As for student allies, Miss Manners suggests that it will be most efficacious to attract the attention of the parents of these Tuition-Bearing Beings. Miss Manners, despite her reservations about the contemporary media, feels that it now necessary to make use of such uncivilized institutions. (Yes, I know Gentile Readers, this is a shameful but necessary turn-about for Miss Manners.) Miss Manners, therefore proposes the development of a well-oiled public relations machine which bombards the media with press releases ranking universities and departments by the percentage of adjunct labor employed at each institution. Lobby US News and World Report and the like to include a new ranking criteria. Show those good folks where their money goes. Expose, expose, expose.
We might also consider deploying the insolent model of expose undertaken
Cornell undergrads: The Star Faculty Watch or some such. It's the equivalent of Where's Waldo for the Ivy league. Those quirky Cornelians gathered not-too-systematic reports about who had actually *seen* hotshot, over-paid tenured professors on campus, let alone taken classes with them. All of this will humiliate the administration who will have to go forth, sheepishly, explaining why the budget for table linens or redecorating the Chancellor's (rent free) home is many, many times that of many, many adjuncts combined.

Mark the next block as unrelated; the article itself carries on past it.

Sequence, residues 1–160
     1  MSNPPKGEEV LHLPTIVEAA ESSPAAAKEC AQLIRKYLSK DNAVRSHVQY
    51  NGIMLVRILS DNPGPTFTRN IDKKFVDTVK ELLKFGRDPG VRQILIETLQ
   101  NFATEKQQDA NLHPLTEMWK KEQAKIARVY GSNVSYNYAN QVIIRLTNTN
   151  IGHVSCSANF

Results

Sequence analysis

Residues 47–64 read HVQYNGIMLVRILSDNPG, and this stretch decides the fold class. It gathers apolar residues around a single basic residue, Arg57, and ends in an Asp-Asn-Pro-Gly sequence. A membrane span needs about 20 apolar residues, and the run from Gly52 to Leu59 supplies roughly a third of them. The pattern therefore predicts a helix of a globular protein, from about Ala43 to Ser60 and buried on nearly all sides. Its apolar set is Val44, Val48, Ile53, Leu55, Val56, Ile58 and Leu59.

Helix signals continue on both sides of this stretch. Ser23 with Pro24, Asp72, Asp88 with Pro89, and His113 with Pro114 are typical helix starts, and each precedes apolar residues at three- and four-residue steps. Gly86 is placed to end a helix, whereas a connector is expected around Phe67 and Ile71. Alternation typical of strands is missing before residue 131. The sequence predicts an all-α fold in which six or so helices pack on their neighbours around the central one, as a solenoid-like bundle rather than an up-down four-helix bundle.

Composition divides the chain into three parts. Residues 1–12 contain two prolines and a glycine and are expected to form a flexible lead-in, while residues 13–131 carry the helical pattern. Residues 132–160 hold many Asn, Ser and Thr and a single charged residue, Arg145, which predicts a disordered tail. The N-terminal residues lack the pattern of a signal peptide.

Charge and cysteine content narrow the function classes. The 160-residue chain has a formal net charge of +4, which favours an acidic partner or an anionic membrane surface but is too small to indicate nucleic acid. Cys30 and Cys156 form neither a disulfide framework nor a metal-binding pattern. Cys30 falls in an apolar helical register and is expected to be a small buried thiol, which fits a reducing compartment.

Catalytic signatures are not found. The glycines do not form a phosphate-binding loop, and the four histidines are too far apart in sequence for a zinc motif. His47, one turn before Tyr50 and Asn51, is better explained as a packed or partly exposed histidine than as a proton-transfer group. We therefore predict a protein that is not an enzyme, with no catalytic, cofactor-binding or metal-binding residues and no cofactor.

Also, Miss Manners finds it rather distasteful for adjuncts to obsess in mind-numbing fashion about how bad the adjunct life is--even though this is true. It simply does not play well in Peoria or even in Greenwich, Connecticut where decent European-trained 'help' is shockingly scarce. No, the folks in Greenwich will be deaf to such complaints. Their most significant worry at the moment is finding good help. Hearing about the conditions of employment will not persuade them for they will only see a pool of delightfully un- and under-employed, overly-educated, newly minted PhD's as a source of labor. They would much rather have you apply for the position of Governess or Nanny and pay for you to take voice lessons so at least you will *sound* European.